Juvenile psoriatic arthritis (JPsA) accounts for 1–7% of all cases of juvenile idiopathic arthritis (JIA) and its definition has been a matter of controversy among pediatric rheumatologists for many years. The traditional attribution of JPsA to the spondyloarthropathy group was challenged in the early 1990s, whereas the recent demonstrations of its heterogenous nature have led to questions about its identification as a distinct category in JIA classification. It has been shown that children with the phenotype of JPsA can be divided in two subgroups, one presenting with the features of early-onset ANA-positive JIA, and another that belongs to the spectrum of spondyloarthropathies. The few studies that have compared the clinical characteristics and genetic determinants of JPsA with those of the other JIA categories have obtained contrasting findings. The debate on the categorization of JPsA as a distinct entity within JIA classification is still ongoing and has prompted the revision of its current classification. Full article
(This article belongs to the Special Issue New Advances in Juvenile Idiopathic Arthritis (JIA))
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11 pages, 1238 KiB  
Article
Early Cardiopulmonary Fitness after Heart Transplantation as a Determinant of Post-Transplant Survival
by Thomas C. Hanff, Yuhui Zhang, Robert S. Zhang, Michael V. Genuardi, Maria Molina, Rhondalyn C. McLean, Jeremy A. Mazurek, Monique S. Tanna, Joyce W. Wald, Pavan Atluri, Michael A. Acker, Lee R. Goldberg, Payman Zamani and Edo Y. Birati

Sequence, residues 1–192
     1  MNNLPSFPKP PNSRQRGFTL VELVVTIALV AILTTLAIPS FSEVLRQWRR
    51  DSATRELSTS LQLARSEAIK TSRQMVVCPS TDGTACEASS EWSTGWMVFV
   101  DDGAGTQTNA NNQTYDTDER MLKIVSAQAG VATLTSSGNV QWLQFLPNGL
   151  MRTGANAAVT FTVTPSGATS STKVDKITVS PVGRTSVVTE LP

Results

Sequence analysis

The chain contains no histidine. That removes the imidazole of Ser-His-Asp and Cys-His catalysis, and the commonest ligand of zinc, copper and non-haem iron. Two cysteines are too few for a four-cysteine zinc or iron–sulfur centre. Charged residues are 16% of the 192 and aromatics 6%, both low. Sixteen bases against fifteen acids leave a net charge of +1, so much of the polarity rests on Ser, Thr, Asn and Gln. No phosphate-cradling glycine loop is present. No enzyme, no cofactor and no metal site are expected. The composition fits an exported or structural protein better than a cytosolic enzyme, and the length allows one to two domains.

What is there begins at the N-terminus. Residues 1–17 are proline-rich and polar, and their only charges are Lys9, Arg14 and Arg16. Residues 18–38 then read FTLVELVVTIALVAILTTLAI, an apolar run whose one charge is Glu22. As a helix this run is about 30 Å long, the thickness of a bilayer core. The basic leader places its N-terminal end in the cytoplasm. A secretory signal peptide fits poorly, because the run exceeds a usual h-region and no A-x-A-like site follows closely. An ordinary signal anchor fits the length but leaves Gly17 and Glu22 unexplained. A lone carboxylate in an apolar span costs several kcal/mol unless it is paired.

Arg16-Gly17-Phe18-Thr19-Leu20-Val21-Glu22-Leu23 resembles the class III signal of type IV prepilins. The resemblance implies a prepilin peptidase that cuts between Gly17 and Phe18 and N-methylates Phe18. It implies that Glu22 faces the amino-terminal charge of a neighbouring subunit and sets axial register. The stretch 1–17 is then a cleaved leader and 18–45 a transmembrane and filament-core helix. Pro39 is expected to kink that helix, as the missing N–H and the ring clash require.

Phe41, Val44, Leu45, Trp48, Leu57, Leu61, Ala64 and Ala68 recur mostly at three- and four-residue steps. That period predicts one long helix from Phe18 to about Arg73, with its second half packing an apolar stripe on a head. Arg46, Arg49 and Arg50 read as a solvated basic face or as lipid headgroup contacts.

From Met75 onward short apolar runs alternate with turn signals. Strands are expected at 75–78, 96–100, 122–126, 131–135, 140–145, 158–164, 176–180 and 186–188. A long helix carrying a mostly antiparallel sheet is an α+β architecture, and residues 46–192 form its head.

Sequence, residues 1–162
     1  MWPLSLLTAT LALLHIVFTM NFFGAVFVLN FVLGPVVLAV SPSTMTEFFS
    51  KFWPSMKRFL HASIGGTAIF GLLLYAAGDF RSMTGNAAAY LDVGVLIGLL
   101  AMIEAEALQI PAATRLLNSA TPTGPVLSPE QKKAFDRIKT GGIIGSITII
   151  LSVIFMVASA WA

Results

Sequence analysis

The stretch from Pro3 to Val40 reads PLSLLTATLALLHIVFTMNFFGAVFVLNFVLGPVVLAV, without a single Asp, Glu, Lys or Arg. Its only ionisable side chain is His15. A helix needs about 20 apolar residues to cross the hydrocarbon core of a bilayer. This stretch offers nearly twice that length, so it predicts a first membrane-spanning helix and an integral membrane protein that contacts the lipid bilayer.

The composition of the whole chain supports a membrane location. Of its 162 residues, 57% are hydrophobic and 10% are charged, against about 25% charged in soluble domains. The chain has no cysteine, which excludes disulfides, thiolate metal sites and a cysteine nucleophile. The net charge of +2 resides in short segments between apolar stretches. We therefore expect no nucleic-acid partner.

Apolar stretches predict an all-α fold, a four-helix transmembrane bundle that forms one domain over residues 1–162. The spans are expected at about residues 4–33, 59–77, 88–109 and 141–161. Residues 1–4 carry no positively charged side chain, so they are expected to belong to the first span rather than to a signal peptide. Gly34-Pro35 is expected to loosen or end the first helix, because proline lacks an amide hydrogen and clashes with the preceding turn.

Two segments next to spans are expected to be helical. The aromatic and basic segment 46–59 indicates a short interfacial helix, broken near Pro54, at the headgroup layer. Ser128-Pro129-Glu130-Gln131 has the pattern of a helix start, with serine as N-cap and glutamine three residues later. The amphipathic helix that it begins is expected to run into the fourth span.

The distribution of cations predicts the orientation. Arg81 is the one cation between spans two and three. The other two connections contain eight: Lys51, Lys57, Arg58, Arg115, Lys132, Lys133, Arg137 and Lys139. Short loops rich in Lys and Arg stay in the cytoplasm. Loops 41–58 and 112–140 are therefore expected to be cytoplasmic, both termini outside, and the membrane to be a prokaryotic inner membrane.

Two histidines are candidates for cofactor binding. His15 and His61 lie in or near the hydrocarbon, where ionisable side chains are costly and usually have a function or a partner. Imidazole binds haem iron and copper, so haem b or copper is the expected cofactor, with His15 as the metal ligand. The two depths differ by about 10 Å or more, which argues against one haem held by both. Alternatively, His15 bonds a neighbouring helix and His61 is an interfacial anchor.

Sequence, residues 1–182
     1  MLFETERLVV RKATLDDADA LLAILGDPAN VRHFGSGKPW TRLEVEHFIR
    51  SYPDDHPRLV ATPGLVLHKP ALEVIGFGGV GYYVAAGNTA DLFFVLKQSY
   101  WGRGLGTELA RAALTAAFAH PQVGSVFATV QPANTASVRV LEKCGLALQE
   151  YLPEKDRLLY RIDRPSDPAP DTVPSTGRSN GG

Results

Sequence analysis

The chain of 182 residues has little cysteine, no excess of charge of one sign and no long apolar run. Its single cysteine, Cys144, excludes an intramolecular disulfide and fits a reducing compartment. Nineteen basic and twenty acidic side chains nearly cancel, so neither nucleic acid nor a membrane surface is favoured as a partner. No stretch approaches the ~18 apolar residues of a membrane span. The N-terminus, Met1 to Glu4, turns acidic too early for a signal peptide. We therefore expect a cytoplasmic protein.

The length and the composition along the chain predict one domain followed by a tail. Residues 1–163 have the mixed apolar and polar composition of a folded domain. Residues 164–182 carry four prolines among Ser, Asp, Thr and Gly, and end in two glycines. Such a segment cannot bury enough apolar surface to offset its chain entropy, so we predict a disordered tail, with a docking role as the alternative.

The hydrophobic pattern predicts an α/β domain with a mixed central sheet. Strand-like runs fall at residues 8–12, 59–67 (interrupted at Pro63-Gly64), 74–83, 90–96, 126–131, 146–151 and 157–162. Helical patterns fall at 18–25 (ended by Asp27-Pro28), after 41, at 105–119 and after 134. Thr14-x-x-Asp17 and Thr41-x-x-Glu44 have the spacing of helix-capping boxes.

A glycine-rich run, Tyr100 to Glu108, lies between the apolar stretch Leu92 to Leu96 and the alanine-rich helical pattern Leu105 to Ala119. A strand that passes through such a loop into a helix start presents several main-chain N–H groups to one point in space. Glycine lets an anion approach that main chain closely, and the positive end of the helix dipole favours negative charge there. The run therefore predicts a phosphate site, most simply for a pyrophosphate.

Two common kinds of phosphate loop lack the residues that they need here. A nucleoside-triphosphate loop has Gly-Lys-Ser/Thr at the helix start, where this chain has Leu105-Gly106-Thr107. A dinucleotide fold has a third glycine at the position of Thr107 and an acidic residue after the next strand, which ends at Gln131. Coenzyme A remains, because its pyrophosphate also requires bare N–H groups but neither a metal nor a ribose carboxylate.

J. Clin. Med. 2023, 12(1), 366; https://doi.org/10.3390/jcm12010366 - 3 Jan 2023
Cited by 2 | Viewed by 1807
Abstract
Background: Decreased peak oxygen consumption during exercise (peak Vo2) is a well-established prognostic marker for mortality in ambulatory heart failure. After heart transplantation, the utility of peak Vo2 as a marker of post-transplant survival is not well established. [...] Read more.
Background: Decreased peak oxygen consumption during exercise (peak Vo2) is a well-established prognostic marker for mortality in ambulatory heart failure. After heart transplantation, the utility of peak Vo2 as a marker of post-transplant survival is not well established. Methods and Results: We performed a retrospective analysis of adult heart transplant recipients at the Hospital of the University of Pennsylvania who underwent cardiopulmonary exercise testing within a year of transplant between the years 2000 to 2011. Using time-to-event models, we analyzed the hazard of mortality over nearly two decades of follow-up as a function of post-transplant percent predicted peak Vo2 (%Vo2). A total of 235 patients met inclusion criteria. The median post-transplant %Vo2 was 49% (IQR 42 to 60). Each standard deviation (±14%) increase in %Vo2 was associated with a 32% decrease in mortality in adjusted models (HR 0.68, 95% CI 0.53 to 0.87, p = 0.002). A %Vo2 below 29%, 64% and 88% predicted less than 80% survival at 5, 10, and 15 years, respectively. Conclusions: Post-transplant peak Vo2 is a highly significant prognostic marker for long-term post-transplant survival. It remains to be seen whether decreased peak Vo2 post-transplant is modifiable as a target to improve post-transplant longevity. Full article